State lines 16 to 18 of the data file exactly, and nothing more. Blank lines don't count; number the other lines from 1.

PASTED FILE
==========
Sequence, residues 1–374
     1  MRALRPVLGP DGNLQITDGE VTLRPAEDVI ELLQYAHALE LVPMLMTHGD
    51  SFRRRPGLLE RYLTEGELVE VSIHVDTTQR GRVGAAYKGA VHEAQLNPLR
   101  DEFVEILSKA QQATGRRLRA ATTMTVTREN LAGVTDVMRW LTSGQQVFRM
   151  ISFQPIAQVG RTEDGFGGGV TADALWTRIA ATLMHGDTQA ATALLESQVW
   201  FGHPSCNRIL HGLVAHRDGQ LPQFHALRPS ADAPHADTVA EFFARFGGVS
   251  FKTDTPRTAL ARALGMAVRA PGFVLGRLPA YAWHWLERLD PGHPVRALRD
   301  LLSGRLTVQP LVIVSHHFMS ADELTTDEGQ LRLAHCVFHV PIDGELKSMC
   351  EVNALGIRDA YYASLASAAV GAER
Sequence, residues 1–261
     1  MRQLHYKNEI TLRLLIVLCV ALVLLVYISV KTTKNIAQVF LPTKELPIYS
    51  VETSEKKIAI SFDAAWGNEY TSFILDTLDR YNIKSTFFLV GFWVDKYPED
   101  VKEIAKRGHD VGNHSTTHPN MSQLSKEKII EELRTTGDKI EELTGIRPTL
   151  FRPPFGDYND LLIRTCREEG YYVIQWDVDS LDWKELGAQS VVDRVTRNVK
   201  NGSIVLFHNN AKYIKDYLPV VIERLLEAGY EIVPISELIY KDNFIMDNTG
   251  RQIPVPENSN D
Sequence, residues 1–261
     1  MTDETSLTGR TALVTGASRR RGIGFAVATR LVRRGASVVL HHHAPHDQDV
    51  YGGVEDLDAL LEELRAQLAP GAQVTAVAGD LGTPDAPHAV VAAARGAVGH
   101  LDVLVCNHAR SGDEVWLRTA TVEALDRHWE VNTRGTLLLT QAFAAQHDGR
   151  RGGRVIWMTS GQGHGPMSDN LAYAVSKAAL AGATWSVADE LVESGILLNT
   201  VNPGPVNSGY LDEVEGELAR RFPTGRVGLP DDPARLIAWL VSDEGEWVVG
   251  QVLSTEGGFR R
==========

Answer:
   251  RQIPVPENSN D
Sequence, residues 1–261
     1  MTDETSLTGR TALVTGASRR RGIGFAVATR LVRRGASVVL HHHAPHDQDV